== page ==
Ways and Means

Because of the high cost of building, equipping, and maintaining science facilities, the specter of ways and means -- budgeting, financing, and fund-raising -- will always be present in your discussions. As financial and development officers have been working with other campus leaders throughout the long process of planning your new spaces and structure, they will be able to make decisions about the ways and means of the project to keep your planning focused and on track.

The Project Budget

The project budget is an important document from both the construction and the development perspective. It includes construction costs and other costs directly and indirectly related to the project. The project budget must be sensible, arrived at in a rational manner by members of the project committees and their agents and consultants. It should support the facility program and stay within reasonable limits of your institution. The project budget illustrates, to prospective donors and to the campus community, the care with which you have proceeded in planning, and how this single project fits into institutional planning and priorities.

A comprehensive and concise management tool, the project budget is a summary of a multitude of decisions about the scope and quality of a major capital project -- your new science facility. Establishing the budget, particularly the construction budget, is a delicate balancing act, one that requires attention both to the facility program that has been defined and the resources available. How comprehensive your project budget is depends on the specific circumstances of your institution. As you develop the project budget you should think about whether or not to include: equipment, furnishings, fees for architectural, engineering, and consultant services, institutional contingencies, fund-raising expense, and short-term interest expense.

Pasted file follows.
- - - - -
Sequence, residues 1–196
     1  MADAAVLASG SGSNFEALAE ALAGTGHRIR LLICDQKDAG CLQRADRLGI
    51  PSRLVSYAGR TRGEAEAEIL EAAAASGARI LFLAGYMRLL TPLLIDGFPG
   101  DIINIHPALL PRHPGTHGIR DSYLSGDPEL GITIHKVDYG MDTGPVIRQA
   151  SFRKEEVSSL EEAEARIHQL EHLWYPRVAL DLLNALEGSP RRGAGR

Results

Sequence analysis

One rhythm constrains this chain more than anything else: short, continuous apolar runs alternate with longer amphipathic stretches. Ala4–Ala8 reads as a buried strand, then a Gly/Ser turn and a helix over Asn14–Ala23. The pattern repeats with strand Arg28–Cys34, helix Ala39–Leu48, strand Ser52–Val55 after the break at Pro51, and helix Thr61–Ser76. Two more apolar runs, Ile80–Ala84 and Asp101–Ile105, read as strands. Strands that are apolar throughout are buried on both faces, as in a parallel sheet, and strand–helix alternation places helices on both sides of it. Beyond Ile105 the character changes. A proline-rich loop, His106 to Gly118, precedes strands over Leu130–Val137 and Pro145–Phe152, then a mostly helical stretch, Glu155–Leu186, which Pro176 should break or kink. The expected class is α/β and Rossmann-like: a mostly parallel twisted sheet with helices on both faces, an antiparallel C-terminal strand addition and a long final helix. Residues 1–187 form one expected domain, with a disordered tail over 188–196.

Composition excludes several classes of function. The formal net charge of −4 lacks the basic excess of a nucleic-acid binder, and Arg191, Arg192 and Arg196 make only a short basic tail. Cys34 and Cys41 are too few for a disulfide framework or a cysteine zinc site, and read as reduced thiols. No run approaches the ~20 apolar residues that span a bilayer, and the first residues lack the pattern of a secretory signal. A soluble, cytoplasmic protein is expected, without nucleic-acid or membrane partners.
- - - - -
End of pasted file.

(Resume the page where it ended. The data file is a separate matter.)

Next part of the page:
The project budget should be under review by the project team throughout the entire project. Critical moments that the budget should definitely be considered are at the end of the schematic design phase; at the end of the design development phase; at the point when 50-70 percent of the construction documents are complete; and when the construction documents have been sent out to secure bids from the contractor and subcontractors.

  • Effective Budget Development
  • Special Considerations

Operating Budgets

It is important in the planning stage to address the potential impact that the new spaces will have on your operating budget. The reasons are obvious: if annual operating costs increase, someone on your campus will have to pay attention to securing an equivalent increase in annual revenue and its source. In making these operating budget estimates it is critical to consider first intangible benefits and costs that might accrue.

  • Intangible Benefits and Costs
  • Operating Budget
  • Capital Funds and Costs

Fund Raising

Fund raising is an important aspect to the building process of a new facility. Many schools do not have the funds readily available to construct or renovate a new facility, and must work hard to find ways of raising the appropriate funds in order to secure the creation of the building. Your campaign to raise millions for science facilities is an opportunity to communicate with those who already support your institution. It is also an opportunity to reach out to those, both inside and outside of the institution, with the potential to be major donors.

  • Campaign Leadership
  • Fund-Raising Activities
  • Sources of Gifts and Grants
  • Benefits